"Something's going to happen tomorrow. He's gonna keep it," he said yesterday of Mr Trump's grasp of the presidency.
"And if something doesn't happen then there's going be a whole lotta trouble."
GEORGE W. BUSH 'LOOKS FORWARD TO ATTENDING INAUGURATION'
Former President George W. Bush will attend President-elect Joe Biden's inauguration on Jan. 20, but former President Jimmy Carter won't make it, their offices said Tuesday.
Bush spokesman Freddy Ford said that the 43rd president and former First Lady Laura Bush will attend the pared-back ceremony in Washington.
"President and Mrs. Bush look forward to returning to the Capitol for the swearing-in of President Biden and Vice President Harris," Ford said.
"I believe this will be the eighth Inauguration they've had the privilege of attending - President Trump's being the most recent - and witnessing the peaceful transfer of power is a hallmark of our democracy that never gets old."
Bush, 74, is the only living Republican ex-president following his father George H.W. Bush's death in 2018.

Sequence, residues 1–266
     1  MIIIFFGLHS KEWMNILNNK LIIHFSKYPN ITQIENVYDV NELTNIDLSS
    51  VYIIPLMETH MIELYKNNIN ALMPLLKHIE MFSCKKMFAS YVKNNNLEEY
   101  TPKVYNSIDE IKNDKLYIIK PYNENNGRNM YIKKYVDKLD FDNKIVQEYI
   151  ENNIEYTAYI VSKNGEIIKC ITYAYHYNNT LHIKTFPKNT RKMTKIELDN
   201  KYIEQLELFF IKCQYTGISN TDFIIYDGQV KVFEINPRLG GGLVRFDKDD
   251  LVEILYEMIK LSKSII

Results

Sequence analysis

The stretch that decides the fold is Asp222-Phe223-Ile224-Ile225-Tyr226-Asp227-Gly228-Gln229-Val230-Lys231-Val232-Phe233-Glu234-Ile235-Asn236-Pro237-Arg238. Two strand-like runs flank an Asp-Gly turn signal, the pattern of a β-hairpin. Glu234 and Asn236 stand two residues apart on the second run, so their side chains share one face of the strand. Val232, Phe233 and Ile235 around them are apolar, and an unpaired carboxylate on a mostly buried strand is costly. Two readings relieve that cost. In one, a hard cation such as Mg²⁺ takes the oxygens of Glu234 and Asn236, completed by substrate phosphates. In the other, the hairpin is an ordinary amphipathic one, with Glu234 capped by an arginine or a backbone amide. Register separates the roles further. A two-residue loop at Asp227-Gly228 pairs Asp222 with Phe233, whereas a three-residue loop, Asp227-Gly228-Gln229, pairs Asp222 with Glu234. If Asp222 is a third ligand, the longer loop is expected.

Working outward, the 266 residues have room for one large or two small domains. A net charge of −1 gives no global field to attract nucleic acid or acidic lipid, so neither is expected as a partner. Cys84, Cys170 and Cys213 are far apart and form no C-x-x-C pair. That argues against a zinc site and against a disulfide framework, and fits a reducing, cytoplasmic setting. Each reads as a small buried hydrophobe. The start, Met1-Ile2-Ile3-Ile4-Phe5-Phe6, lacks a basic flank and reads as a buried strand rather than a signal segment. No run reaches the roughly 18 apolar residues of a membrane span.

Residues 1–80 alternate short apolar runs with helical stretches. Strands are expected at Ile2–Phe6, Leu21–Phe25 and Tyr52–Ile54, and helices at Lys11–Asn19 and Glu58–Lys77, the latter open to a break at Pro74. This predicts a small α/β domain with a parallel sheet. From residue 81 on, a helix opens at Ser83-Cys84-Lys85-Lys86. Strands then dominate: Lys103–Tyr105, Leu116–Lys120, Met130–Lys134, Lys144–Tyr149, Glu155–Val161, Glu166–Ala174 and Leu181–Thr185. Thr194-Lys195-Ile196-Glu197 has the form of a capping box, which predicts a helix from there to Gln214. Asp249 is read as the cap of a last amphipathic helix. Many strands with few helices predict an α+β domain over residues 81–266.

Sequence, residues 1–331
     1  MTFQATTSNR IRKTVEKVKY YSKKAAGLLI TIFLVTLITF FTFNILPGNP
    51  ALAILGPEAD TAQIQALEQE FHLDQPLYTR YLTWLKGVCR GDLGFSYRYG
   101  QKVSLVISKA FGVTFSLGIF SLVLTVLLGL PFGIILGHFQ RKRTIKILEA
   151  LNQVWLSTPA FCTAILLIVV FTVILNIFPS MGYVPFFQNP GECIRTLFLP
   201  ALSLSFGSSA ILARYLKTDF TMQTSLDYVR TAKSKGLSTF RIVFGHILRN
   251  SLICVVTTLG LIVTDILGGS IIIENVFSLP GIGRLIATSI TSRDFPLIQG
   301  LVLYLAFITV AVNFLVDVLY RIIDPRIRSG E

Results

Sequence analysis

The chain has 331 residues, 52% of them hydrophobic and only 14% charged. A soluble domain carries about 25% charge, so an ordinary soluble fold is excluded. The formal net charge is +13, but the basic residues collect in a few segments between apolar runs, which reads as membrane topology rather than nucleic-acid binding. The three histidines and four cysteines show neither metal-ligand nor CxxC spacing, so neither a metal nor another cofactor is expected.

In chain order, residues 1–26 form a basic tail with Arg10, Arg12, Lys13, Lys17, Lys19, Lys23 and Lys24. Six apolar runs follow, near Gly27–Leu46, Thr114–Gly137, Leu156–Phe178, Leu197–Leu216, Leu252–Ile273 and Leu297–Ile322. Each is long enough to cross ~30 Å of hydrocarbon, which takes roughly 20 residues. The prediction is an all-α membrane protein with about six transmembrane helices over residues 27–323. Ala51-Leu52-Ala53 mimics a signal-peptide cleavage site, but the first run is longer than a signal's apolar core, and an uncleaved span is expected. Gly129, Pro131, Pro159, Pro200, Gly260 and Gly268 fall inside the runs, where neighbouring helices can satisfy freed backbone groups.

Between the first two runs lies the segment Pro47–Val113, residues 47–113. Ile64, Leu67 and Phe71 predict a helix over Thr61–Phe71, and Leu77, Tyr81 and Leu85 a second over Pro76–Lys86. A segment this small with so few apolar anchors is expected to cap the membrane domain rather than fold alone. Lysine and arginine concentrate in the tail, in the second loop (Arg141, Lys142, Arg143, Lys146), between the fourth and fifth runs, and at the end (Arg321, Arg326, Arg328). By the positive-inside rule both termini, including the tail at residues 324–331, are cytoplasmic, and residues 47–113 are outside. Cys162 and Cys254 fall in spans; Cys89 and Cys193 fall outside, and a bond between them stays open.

Although controversial when he left office due to the 2008 economic collapse and his management of the Iraq War and other post-9/11 policies, Bush's popularity has rebounded, according to polls. He rarely comments on politics and started painting.
Carter, 96, left office in 1981. The coronavirus pandemic places elderly people at the greatest risk. Carter representatives told The Associated Press that the Democrat sends his "best wishes" to Biden and Vice President-elect Kamala Harris.
The other two living ex-presidents are Democrats Bill Clinton and Barack Obama.
Originally published as Crowd erupts as Pence rejects call to deny 'bulls-t' Biden win